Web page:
Law, College of


Date of this Version



Washington, D.C.: U.S. Office of Technology Assessment, June 982, ix, 391 p. Report no. OTA-STI-177.


U.S. government work. Public domain material. Hard copy available in the Love Library stacks, call number Y 3.T22/2:2 C 49.


The United States orbited its first satellite in 1958, nearly a quarter century ago. In the intervening years, the United States has made great strides in developing peaceful and practical uses of space technology. However, in spite of the dramatic successes of the space program, among which are the recent flights of the Columbia shuttle orbiter, many informed observers express considerable unease about the future of our civilian efforts in space, particularly in light of increased foreign competition and stringent fiscal restraints.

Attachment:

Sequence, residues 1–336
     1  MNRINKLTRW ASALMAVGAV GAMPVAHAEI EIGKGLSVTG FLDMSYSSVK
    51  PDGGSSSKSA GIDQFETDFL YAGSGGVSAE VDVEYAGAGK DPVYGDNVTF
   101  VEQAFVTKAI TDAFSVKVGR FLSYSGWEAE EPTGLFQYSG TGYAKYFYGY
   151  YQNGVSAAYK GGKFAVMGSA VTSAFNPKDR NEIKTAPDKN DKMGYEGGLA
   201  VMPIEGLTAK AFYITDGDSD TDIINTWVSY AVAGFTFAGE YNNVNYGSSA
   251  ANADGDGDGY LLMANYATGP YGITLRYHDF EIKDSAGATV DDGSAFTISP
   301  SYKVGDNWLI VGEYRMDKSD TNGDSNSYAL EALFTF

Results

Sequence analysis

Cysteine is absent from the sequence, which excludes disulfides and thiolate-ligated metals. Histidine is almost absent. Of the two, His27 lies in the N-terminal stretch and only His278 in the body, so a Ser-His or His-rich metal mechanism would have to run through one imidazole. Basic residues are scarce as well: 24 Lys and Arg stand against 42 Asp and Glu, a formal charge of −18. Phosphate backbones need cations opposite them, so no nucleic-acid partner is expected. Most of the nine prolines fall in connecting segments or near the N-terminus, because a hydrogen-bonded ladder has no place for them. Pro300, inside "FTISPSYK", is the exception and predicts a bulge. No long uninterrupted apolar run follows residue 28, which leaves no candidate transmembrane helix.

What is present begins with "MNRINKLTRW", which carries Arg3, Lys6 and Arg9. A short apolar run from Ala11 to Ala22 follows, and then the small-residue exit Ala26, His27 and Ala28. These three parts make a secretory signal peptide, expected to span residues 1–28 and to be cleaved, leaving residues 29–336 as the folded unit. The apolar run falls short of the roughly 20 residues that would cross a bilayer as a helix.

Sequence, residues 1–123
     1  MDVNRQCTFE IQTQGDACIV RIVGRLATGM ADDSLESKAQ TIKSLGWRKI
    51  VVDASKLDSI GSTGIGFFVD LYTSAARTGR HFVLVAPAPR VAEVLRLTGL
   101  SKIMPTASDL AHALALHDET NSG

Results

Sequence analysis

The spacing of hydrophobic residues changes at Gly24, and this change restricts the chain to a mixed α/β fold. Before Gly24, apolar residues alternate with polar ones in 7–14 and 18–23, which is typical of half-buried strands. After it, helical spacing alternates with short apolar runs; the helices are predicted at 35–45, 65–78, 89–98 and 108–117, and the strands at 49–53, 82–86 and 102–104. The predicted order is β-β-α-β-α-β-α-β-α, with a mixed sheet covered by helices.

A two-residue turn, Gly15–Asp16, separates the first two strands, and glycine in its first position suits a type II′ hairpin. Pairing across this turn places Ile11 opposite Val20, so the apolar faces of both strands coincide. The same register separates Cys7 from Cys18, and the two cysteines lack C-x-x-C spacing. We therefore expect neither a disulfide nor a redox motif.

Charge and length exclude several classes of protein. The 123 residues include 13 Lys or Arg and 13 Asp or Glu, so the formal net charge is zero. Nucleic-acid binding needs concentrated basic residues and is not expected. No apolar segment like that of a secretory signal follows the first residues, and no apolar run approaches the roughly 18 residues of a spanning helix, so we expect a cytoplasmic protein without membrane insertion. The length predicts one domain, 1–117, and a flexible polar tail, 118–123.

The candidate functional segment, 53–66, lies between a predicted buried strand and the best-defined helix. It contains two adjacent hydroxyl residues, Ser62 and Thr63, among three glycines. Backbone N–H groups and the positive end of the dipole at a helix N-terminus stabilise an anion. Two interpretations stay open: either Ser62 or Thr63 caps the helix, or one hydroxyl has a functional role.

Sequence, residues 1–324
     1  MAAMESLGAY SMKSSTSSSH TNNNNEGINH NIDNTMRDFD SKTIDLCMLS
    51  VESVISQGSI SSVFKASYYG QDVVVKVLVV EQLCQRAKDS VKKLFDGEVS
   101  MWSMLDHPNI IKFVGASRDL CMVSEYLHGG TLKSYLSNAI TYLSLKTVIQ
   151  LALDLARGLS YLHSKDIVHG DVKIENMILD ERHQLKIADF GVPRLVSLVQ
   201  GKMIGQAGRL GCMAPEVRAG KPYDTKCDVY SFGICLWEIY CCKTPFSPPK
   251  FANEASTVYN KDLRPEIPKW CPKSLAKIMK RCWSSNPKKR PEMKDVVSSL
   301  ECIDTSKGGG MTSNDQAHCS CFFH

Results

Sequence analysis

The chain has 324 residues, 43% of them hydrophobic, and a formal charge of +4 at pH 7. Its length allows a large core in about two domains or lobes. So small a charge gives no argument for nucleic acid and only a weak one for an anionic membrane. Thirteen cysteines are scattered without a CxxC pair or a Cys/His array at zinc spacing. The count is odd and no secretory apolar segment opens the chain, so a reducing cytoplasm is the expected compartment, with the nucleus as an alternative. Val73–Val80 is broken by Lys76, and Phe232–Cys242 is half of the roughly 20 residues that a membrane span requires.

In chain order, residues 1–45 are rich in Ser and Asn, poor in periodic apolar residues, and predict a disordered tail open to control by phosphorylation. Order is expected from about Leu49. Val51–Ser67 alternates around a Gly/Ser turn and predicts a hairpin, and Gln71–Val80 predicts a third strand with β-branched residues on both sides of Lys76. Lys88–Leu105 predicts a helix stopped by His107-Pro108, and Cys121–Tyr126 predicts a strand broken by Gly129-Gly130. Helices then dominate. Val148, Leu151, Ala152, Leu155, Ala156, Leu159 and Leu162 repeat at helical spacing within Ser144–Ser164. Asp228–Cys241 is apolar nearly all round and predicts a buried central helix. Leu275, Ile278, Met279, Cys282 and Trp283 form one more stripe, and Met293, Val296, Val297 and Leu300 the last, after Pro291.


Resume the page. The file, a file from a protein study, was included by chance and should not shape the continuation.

Because of these uncertainties and also because of emerging new prospects for using the space environment, this assessment was requested by the Senate Committee on Commerce, Science, and Transportation, and endorsed by the House Committee on Science and Technology. It investigates America’s civilian space policy from the point of view of its effects on the primary areas of space applications technology, including space transportation. It does not address military/intelligence applications projects, activities in space science, or space exploration except insofar as these affect civilian applications. Its aim is to investigate Federal policies, public and private institutions, and the external circumstances that shape space applications today. In keeping with this emphasis, the assessment explores the question of Federal involvement in space research and development (R&D), the issues that arise in the transition from R&D to full-fledged operational status, when and under what circumstances commercial involvement is appropriate, and how to respond to commercial competition from overseas. It also addresses questions of space policy suggested by the Nation’s experience with applications of technology in space.